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Genes 2018, 9(5), 249; https://doi.org/10.3390/genes9050249

Selecting the Best: Evolutionary Engineering of Chemical Production in Microbes

The Novo Nordisk Foundation Center for Biosustainability, Technical University of Denmark, 2800 Kongens Lyngby, Denmark
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Received: 15 April 2018 / Revised: 2 May 2018 / Accepted: 2 May 2018 / Published: 11 May 2018
(This article belongs to the Special Issue Microbial Metabolic Engineering)
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Abstract

Microbial cell factories have proven to be an economical means of production for many bulk, specialty, and fine chemical products. However, we still lack both a holistic understanding of organism physiology and the ability to predictively tune enzyme activities in vivo, thus slowing down rational engineering of industrially relevant strains. An alternative concept to rational engineering is to use evolution as the driving force to select for desired changes, an approach often described as evolutionary engineering. In evolutionary engineering, in vivo selections for a desired phenotype are combined with either generation of spontaneous mutations or some form of targeted or random mutagenesis. Evolutionary engineering has been used to successfully engineer easily selectable phenotypes, such as utilization of a suboptimal nutrient source or tolerance to inhibitory substrates or products. In this review, we focus primarily on a more challenging problem—the use of evolutionary engineering for improving the production of chemicals in microbes directly. We describe recent developments in evolutionary engineering strategies, in general, and discuss, in detail, case studies where production of a chemical has been successfully achieved through evolutionary engineering by coupling production to cellular growth. View Full-Text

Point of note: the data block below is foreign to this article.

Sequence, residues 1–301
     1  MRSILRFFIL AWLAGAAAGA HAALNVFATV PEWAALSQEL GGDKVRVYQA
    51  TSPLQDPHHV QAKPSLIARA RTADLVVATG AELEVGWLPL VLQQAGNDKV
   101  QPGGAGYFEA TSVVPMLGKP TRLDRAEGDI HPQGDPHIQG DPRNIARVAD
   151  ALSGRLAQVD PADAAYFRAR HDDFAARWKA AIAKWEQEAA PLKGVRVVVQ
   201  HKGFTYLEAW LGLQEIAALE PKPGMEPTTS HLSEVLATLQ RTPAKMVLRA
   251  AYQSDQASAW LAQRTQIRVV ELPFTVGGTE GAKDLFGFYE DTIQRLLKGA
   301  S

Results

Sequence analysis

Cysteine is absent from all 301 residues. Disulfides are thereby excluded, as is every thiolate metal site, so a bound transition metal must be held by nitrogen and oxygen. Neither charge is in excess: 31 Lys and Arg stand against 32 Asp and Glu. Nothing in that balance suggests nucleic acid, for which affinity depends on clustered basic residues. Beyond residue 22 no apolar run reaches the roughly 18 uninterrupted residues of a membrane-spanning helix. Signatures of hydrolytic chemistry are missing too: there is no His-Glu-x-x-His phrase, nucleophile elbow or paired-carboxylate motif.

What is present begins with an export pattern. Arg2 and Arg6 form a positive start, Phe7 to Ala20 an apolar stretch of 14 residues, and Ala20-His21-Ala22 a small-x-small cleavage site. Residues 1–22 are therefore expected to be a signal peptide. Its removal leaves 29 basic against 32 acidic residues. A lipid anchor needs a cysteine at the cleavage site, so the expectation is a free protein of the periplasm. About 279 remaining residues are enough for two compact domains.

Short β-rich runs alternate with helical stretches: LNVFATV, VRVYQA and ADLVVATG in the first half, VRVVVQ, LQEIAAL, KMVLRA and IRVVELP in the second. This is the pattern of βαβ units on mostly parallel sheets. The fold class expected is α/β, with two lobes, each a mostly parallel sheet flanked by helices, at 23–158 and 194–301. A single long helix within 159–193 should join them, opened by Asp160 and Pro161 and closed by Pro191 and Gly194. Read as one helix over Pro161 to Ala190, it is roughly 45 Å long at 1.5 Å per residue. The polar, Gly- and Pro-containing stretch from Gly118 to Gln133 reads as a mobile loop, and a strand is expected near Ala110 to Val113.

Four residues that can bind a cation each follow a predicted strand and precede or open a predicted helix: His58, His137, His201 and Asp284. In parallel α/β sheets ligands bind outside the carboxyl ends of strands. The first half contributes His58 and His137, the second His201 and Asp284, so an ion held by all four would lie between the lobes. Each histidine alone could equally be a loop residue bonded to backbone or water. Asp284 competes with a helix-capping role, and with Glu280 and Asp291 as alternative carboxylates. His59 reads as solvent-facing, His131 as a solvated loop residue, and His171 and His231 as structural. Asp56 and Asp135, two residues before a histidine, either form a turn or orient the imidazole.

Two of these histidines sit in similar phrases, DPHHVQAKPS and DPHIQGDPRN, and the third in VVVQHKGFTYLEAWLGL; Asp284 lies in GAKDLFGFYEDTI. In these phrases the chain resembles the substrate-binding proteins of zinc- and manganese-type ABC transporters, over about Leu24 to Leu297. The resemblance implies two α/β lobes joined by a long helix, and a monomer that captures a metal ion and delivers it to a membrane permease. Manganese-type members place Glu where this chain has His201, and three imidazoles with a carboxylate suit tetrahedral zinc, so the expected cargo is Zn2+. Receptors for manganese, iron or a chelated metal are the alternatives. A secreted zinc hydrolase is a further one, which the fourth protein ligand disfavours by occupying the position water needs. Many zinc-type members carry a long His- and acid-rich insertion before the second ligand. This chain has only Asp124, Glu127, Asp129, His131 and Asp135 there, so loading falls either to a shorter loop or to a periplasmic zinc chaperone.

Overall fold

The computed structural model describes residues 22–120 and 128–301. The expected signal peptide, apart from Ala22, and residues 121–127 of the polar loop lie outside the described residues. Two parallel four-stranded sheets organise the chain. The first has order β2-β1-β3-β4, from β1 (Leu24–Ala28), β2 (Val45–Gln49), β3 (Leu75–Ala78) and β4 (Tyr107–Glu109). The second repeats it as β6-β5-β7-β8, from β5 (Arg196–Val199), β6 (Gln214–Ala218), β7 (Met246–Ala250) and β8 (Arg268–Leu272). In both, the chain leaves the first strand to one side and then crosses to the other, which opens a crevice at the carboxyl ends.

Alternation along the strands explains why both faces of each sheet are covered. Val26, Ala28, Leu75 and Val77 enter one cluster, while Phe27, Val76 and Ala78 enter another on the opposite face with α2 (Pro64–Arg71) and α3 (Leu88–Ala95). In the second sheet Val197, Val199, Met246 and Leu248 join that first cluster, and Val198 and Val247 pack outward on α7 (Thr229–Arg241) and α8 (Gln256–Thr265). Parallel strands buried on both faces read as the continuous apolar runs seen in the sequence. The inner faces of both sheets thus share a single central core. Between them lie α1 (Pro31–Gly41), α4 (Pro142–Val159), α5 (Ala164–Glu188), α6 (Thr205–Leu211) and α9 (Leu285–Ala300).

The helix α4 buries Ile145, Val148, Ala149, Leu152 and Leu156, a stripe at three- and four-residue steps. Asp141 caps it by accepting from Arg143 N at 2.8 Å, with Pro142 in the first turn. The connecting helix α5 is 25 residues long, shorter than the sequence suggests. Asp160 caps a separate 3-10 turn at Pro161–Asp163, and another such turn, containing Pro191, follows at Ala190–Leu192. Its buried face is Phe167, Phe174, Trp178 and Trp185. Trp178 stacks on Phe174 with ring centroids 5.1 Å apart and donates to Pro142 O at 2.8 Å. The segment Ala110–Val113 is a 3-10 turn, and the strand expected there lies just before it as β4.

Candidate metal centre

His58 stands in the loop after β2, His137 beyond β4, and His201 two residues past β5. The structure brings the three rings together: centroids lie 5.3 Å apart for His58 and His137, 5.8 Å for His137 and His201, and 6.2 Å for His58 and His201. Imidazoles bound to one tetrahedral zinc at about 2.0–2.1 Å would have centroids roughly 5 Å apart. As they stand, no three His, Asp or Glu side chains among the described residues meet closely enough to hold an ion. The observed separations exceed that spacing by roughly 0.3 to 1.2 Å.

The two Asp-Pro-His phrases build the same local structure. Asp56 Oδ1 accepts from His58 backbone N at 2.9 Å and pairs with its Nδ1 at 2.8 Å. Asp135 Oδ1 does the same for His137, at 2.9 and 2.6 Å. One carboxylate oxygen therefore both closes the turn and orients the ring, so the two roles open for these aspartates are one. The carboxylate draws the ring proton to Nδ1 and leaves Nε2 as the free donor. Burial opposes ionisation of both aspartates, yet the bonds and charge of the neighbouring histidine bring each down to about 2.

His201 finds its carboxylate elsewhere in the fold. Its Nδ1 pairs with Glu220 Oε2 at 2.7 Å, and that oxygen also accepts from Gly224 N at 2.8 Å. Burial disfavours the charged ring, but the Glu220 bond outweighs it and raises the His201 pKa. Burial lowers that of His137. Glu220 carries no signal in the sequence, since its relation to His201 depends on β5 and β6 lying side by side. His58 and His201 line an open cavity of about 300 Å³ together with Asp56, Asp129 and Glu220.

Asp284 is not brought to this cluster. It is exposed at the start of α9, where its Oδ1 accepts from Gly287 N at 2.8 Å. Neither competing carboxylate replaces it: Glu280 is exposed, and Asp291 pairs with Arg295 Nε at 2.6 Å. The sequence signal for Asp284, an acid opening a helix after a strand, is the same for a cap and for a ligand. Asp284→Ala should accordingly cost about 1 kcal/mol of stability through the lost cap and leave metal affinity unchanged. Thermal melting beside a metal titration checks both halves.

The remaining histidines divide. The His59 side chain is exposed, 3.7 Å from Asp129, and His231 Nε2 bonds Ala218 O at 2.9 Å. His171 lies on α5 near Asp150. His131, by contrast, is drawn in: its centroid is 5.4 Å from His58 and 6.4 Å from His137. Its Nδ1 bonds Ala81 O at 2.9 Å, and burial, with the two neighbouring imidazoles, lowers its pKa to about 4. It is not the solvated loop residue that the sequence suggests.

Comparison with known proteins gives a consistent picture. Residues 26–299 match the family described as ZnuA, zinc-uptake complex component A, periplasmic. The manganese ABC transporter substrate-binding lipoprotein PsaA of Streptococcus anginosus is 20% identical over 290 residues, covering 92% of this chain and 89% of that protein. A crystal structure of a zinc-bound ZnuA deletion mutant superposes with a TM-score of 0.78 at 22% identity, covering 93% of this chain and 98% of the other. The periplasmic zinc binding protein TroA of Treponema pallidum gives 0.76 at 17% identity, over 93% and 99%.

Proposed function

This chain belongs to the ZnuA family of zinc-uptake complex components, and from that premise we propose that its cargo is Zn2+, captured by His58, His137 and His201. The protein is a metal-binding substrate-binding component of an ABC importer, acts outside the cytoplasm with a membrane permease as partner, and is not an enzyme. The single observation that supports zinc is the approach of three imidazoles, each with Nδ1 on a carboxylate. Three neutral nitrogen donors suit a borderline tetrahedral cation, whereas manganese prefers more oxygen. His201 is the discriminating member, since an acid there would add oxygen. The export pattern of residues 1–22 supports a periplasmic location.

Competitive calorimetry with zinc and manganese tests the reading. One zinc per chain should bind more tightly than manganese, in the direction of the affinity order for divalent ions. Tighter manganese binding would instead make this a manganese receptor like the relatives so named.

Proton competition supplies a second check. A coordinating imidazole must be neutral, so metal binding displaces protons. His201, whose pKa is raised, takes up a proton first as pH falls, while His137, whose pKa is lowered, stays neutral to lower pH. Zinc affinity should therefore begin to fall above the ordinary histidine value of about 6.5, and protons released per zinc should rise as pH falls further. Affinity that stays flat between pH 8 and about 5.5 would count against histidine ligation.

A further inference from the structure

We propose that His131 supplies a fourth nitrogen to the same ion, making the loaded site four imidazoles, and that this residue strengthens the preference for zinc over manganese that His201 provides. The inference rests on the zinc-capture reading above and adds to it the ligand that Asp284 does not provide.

Keywords: evolutionary engineering; ALE; metabolic engineering; bioproduction; genetic engineering; growth coupling evolutionary engineering; ALE; metabolic engineering; bioproduction; genetic engineering; growth coupling
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Shepelin, D.; Hansen, A.S.L.; Lennen, R.; Luo, H.; Herrgård, M.J. Selecting the Best: Evolutionary Engineering of Chemical Production in Microbes. Genes 2018, 9, 249.

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